Species the media for this operation. You obtain this media identier from such Movie Toolbox functions as NewTrackMedia (page 2-182) and GetTrackMedia (page 2-235). Species the index of the sample description to be changed. This index corresponds to the sample description itself, not the samples in the media. This long integer must be between 1 and the largest sample description index. Species the handle to the sample description. If there is no description for the specied index, the function returns this handle unchanged.

index

descH

DESCRIPTION

The SetMediaSampleDescription function can be useful in the case of a media handler, such as a text media handler, that stores playback information in its sample description, as opposed to just data format information (as in the case of the video media handler). For more on media handlers, see Inside Macintosh: QuickTime Components.

SPECIAL CONSIDERATIONS

Because a sample description structure may dene the format of the data, you should not assume the description describes the data. You should use this function only on an inactive track.

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MediaTimeToSampleNum
The MediaTimeToSampleNum function allows you to nd the sample that contains the data for a specied time. You indicate the time in the medias time scale.

pascal void MediaTimeToSampleNum (Media theMedia, TimeValue time, long *sampleNum, TimeValue *sampleTime, TimeValue *sampleDuration); theMedia Species the media for this operation. You obtain this media identier from such Movie Toolbox functions as NewTrackMedia (page 2-182) and GetTrackMedia (page 2-235). Species the time for which you are retrieving sample information. You must specify this value in the medias time scale. Contains a pointer to a long integer that is to receive the sample number. The Movie Toolbox returns the sample number that identies the sample that contains data for the time specied by the time parameter. Contains a pointer to a time value. The MediaTimeToSampleNum function updates this time value to indicate the starting time of the sample that contains data for the time specied by the time parameter. This time value is expressed in the medias time scale. Set this parameter to nil if you do not want this information. sampleDuration Contains a pointer to a time value. The Movie Toolbox returns the duration of the sample that contains data for the time specied by the time parameter. This time value is expressed in the medias time scale. Set this parameter to nil if you do not want this information.

time sampleNum

sampleTime

DESCRIPTION

The Movie Toolbox returns information about the sample that contains data for that time, including its starting time, duration, and sample number. The MediaTimeToSampleNum function does not account for edits applied to the media by a movies tracks. If you want to work with edits, use the functions that allow you to look for interesting times. These functions are described in Finding Interesting Times on page 2-225.

ERROR CODES

invalidMedia

2008

This media is corrupted or invalid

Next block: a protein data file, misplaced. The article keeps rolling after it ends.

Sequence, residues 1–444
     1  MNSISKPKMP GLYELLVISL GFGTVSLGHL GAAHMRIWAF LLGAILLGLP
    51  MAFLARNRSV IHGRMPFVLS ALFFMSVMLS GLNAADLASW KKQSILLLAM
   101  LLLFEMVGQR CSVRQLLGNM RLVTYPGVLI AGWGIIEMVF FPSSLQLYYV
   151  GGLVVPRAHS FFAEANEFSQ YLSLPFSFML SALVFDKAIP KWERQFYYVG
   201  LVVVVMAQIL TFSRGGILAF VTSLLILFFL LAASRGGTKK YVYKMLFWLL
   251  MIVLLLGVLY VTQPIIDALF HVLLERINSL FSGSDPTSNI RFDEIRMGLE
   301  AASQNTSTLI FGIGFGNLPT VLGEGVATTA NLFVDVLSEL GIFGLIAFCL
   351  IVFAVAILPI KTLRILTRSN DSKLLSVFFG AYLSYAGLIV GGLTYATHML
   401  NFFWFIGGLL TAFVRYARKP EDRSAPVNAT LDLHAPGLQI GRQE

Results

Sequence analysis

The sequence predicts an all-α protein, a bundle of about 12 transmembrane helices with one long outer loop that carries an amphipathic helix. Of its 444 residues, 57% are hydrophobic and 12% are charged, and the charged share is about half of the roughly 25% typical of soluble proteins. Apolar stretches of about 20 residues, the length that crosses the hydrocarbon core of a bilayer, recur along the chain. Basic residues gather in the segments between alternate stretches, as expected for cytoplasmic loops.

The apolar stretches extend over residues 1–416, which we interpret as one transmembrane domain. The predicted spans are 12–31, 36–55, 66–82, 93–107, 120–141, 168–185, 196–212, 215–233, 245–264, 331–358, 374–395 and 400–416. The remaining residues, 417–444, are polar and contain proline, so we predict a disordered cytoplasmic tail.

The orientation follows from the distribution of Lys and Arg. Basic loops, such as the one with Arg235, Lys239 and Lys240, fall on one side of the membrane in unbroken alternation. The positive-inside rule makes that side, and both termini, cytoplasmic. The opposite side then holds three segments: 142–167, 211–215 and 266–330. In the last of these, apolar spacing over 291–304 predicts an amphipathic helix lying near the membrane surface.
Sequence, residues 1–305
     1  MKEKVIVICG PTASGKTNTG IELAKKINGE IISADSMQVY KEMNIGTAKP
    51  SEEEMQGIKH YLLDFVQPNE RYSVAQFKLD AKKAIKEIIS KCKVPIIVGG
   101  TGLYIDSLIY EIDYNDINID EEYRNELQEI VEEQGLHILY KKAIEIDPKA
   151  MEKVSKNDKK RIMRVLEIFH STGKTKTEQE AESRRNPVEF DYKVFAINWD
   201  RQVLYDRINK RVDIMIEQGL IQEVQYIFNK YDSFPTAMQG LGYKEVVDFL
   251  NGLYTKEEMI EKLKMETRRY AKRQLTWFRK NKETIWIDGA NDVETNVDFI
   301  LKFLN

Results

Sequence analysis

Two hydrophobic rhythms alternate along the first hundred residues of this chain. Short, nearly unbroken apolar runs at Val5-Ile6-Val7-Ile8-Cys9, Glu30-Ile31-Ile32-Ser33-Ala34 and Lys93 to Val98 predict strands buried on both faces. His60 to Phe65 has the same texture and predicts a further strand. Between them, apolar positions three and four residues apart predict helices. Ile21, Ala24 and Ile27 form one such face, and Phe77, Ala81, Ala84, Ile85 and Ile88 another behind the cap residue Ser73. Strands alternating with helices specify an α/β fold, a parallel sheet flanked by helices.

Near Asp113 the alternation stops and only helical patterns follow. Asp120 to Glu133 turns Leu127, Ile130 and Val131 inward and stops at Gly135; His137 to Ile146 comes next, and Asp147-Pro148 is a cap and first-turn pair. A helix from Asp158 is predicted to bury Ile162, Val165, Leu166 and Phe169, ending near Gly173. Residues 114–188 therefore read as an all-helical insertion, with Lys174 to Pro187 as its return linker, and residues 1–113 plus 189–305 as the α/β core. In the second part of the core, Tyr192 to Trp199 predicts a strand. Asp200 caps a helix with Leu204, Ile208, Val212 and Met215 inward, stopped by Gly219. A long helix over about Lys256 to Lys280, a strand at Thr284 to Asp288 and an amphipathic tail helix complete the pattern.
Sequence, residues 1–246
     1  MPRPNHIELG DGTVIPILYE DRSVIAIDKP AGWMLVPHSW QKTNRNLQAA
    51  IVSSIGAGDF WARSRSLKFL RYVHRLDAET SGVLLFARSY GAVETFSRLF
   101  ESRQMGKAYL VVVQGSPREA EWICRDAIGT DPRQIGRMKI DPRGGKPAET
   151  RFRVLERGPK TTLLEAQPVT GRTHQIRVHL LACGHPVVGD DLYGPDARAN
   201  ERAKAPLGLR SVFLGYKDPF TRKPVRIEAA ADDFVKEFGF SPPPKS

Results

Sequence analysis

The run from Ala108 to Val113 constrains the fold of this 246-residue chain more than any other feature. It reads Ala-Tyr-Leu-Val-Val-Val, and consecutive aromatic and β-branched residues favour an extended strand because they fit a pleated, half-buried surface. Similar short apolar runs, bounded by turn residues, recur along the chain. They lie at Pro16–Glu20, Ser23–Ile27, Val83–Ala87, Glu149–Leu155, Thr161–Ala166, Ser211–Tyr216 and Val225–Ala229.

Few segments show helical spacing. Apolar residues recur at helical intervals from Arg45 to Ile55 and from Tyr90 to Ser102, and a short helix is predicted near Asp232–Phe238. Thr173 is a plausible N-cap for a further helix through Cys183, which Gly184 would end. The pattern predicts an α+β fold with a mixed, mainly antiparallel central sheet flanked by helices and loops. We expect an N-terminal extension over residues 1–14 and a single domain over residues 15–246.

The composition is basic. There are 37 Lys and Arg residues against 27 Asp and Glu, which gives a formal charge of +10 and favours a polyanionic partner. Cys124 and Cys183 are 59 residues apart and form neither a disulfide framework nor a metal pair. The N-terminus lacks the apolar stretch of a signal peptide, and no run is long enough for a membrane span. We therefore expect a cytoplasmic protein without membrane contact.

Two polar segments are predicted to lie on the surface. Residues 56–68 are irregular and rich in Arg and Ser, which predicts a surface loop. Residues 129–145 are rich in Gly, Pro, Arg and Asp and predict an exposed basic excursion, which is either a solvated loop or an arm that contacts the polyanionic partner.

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SEE ALSO

You can convert a sample number into a time in a medias time scale by calling the SampleNumToMediaTime function, which is described in the next section.

SampleNumToMediaTime

The SampleNumToMediaTime function allows you to nd the time at which a specied sample plays. This time is expressed in the medias time scale. pascal void SampleNumToMediaTime (Media theMedia, long logicalSampleNum, TimeValue *sampleTime, TimeValue *sampleDuration); theMedia Species the media for this operation. You obtain this media identier from such Movie Toolbox functions as NewTrackMedia (page 2-182) and GetTrackMedia (page 2-235).

logicalSampleNum Species the sample number. sampleTime Contains a pointer to a time value. The MediaTimeToSampleNum function updates this time value to indicate the starting time of the sample specied by the logicalSampleNum parameter. This time value is expressed in the medias time scale. Set this parameter to nil if you do not want this information. sampleDuration Contains a pointer to a time value. The Movie Toolbox returns the duration of the sample specied by the logicalSampleNum parameter. This time value is expressed in the medias time scale. Set this parameter to nil if you do not want this information.

ERROR CODES

invalidMedia

2008

This media is corrupted or invalid

SEE ALSO

You can nd the sample for a specied time by calling the MediaTimeToSampleNum function, which is described in the previous section.

Working With Movie User Data

Each movie, track, and media can contain a user data list, which your application can use in any way you want. A user data list contains all the user data for a movie, track, or

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media. Each user data list may contain one or more user data items. All QuickTime user data items share several attributes. First, each user data item carries a type identier. This type is similar to a Resource Manager resource type, and is stored in a long integer. Apple has reserved all lowercase user data type values. You are free to create user data type values using uppercase letters. Apple recommends using type values that begin with the character (Option-G) to specify user data items that store text data. The following user data types are currently dened: ' nam' ' cpy' ' day' ' dir' ' ed1' to ' ed9' ' fmt' ' inf' ' prd' ' prf' ' req' ' src' ' wrt' Movies name Copyright statement Date the movie content was created Name of movies director Edit dates and descriptions Indication of movie format (computer-generated, digitized, and so on) Information about the movie Name of movies producer Names of performers Special hardware and software requirements Credits for those who provided movie source content Name of movies writer